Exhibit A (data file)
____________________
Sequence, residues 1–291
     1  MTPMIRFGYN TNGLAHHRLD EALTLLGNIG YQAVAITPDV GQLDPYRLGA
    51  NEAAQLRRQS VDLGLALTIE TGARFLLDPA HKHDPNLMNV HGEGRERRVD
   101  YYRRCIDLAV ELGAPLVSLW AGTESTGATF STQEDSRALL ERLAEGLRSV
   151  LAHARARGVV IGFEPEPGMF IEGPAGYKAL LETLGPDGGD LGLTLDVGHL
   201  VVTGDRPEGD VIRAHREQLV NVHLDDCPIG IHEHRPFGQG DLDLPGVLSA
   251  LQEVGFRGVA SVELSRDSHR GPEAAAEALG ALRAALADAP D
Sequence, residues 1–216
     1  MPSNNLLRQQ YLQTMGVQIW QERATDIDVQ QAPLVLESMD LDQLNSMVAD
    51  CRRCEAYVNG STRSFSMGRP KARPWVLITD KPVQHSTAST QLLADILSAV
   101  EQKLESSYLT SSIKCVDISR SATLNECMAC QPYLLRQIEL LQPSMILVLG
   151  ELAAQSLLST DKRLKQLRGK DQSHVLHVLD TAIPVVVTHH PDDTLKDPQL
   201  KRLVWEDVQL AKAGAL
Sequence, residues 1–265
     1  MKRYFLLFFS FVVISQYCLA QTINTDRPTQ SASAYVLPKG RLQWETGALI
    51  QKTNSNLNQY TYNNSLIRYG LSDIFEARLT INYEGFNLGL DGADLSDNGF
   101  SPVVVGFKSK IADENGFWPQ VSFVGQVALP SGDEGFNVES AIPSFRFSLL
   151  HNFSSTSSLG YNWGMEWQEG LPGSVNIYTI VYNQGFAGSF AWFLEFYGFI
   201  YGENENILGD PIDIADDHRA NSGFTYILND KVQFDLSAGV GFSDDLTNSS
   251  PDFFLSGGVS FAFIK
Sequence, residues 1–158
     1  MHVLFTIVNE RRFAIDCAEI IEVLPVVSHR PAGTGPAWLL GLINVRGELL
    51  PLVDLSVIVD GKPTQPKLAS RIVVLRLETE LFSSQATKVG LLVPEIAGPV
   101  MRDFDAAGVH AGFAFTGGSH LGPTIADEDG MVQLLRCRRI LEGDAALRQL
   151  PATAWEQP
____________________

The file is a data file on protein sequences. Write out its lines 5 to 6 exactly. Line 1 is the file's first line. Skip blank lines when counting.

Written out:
   151  LAHARARGVV IGFEPEPGMF IEGPAGYKAL LETLGPDGGD LGLTLDVGHL
   201  VVTGDRPEGD VIRAHREQLV NVHLDDCPIG IHEHRPFGQG DLDLPGVLSA